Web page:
[text parameter=“value”] in your post editor, but turn into content for your readers. If the plugin that creates the shortcode no longer exists, you’ll just see the plain text in your post, not the content that it should have become.
You don’t need to open every post to check if a shortcode is in use. The plugin “Search Regex” can be used to search for it. You don’t need to (and should not) change any of the settings – just add the shortcode and press “enter.”
This plugin will search your posts for the specified term. You don’t need to search for the whole shortcode, just a piece (which is helpful for shortcode with unique settings). If there are no results (and the plugin isn’t used elsewhere), put it on your “delete” list!
If you don’t know the shortcode, you can generally grab it from the plugin description, settings page, or plugin page on WordPress.org).
Shortcodes are sometimes used in widgets, too, so don’t forget to check there. (And make sure you delete this plugin after use! 😉)
Put plugins that impact your site’s front-end (what the readers see) on the “replace” list for safety.
Remember that the “replace” list will involve some investigation before making a change, such as looking up alternative plugins or updating content to no longer rely on this plugin. This makes it a pretty safe place to put plugins you want to remove but also feel the need to investigate a bit further.
Usually we see this with plugins that modify functionality or create duplicate functionality, like “Genesis Sandbox Featured Content Widget” or “Easy Widget Columns.” When these are removed, you may need to fix the settings in the widgets or add some extra styles to your theme for everything to continue working as expected.
Be on the lookout for overlapping functionality.
We frequently see multiple plugins that do the same thing. That might have happened because you tested two and forgot to delete one or because you’ve had multiple developers work on your site and they set up pages using different plugins. Either way, as you work through your list, try to look at how plugins are used and eliminate waste.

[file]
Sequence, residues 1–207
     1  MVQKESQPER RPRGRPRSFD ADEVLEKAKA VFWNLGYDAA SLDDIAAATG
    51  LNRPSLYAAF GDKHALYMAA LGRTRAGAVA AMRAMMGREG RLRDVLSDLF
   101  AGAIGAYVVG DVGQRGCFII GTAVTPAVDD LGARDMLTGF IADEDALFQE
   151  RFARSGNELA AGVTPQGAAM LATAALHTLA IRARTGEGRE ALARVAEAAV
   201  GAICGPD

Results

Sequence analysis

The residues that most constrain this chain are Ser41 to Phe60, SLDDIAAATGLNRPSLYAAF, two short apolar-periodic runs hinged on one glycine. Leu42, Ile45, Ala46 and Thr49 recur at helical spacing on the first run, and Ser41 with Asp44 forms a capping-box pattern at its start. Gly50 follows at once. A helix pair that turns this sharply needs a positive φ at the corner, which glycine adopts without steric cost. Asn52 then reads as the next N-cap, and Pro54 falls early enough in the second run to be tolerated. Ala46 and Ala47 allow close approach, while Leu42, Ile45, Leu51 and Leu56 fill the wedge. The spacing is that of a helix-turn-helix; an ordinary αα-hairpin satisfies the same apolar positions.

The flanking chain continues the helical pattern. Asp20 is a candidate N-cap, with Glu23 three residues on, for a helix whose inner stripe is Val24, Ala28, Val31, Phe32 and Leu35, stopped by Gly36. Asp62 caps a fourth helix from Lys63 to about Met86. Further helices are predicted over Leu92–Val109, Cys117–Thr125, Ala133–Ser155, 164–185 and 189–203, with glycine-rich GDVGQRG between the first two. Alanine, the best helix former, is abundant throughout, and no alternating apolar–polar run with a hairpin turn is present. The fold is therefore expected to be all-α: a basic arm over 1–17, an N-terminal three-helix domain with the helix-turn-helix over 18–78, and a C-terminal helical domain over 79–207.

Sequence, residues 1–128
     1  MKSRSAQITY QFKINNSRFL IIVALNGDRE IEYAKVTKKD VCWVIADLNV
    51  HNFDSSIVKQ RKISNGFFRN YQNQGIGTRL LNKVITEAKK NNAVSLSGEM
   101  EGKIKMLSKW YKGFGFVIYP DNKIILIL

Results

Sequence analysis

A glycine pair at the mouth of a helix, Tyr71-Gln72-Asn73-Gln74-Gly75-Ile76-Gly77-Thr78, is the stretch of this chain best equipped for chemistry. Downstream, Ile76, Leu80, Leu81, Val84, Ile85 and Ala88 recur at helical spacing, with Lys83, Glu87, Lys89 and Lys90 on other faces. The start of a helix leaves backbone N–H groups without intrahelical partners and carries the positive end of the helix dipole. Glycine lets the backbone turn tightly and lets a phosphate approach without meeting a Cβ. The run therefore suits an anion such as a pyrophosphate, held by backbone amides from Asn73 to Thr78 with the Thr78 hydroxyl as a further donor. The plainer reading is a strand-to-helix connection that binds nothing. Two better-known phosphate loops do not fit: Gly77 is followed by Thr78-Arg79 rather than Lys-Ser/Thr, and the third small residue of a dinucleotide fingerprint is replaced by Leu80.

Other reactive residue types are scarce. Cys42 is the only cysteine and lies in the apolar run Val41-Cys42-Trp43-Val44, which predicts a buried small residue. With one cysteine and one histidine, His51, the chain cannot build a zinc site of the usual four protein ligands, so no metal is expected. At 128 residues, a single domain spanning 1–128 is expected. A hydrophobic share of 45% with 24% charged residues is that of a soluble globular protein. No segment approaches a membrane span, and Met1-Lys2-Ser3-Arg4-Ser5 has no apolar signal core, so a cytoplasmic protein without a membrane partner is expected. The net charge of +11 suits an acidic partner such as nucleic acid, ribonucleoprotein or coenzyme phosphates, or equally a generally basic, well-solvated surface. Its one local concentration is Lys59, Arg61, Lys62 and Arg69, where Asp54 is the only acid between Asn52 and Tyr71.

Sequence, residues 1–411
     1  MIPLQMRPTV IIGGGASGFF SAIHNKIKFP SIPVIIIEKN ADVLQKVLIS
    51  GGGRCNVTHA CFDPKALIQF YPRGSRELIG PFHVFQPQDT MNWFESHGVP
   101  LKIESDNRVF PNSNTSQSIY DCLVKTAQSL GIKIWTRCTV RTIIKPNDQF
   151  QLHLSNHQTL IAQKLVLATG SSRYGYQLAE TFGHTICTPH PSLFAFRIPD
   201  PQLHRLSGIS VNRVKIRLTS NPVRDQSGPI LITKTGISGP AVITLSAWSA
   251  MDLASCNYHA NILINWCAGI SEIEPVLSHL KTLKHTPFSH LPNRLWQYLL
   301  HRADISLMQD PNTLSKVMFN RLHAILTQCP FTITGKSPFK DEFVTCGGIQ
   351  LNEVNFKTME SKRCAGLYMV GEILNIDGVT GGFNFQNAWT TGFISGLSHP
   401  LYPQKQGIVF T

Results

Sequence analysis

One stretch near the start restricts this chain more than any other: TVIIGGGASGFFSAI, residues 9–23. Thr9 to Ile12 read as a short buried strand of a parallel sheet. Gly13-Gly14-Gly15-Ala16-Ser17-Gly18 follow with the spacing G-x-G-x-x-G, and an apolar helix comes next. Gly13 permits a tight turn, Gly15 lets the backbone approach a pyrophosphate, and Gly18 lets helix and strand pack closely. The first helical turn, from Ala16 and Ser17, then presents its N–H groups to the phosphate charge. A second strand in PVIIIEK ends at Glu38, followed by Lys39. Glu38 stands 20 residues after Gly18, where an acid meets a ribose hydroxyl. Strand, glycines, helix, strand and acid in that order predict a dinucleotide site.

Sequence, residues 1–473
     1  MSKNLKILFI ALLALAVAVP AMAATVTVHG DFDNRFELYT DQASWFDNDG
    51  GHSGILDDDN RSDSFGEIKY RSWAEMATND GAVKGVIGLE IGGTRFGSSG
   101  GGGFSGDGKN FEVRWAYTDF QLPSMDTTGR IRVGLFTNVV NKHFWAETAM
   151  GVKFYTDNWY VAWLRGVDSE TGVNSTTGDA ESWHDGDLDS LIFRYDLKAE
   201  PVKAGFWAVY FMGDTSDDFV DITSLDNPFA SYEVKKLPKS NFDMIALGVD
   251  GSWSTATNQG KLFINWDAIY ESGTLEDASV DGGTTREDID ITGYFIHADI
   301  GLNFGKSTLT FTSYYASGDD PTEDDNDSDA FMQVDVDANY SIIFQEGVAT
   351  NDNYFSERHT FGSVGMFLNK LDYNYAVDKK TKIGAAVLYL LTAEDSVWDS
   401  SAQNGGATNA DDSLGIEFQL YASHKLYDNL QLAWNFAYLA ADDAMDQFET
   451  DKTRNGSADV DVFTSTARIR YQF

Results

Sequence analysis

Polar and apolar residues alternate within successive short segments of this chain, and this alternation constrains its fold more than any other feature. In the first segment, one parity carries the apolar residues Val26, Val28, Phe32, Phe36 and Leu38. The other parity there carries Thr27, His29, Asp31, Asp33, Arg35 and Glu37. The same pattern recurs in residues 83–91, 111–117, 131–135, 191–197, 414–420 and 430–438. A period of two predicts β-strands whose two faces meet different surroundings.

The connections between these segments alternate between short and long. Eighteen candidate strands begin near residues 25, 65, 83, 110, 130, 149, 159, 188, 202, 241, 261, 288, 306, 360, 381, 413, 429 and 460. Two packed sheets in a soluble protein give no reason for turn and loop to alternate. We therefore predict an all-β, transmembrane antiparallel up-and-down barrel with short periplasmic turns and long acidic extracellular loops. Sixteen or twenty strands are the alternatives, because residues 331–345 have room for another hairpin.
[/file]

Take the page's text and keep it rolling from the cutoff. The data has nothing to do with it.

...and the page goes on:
As a last resort, put anything you’re unable to remember or determine the use of under the “consider” header.
These plugins have stumped you – and it’s OK to have a pretty long list here, too.
Reach out to some friends and ask them about it. Are they using this plugin? If so, how? This may give you an idea of why you have it, how to check if it’s in use, and where it should be moved on the list.
Hop to it!
After you’ve taken your plugins and put them somewhere in the list, repeat this process with the “consider” header, getting those sorted into one of the other 3 sections.
Then, delete plugins under “delete” and start researching options for plugins under “replace.” For help evaluating these replacements, see our article on comparing plugins.
Still have questions? You can tag @Lauren Gray in the Mediavine Facebook group!
Not interested in DIYing? Want to get a head start on auditing your plugins? Contact Once Coupled.
About Lauren & Once Coupled
Passionate about both product quality and client communication, Once Coupled has worked with over 500+ bloggers on projects from reducing above-the-fold white-space to taking a site from a “0” PageSpeed Optimization score to green! Specializing in fast, pixel-perfect themes, we help bloggers spend more time doing what they love!
Lauren Gray believes in doing everything with passion and transparency, which mostly means she sends really long emails riddled with exclamation marks. She’s built Once Coupled on the principle that every project is about more than just the “what” – what we do is “why.” When she’s not making your site faster and easier for you to manage, Lauren enjoys procedural dramas, mojitos, and long walks on the beach (with her dog).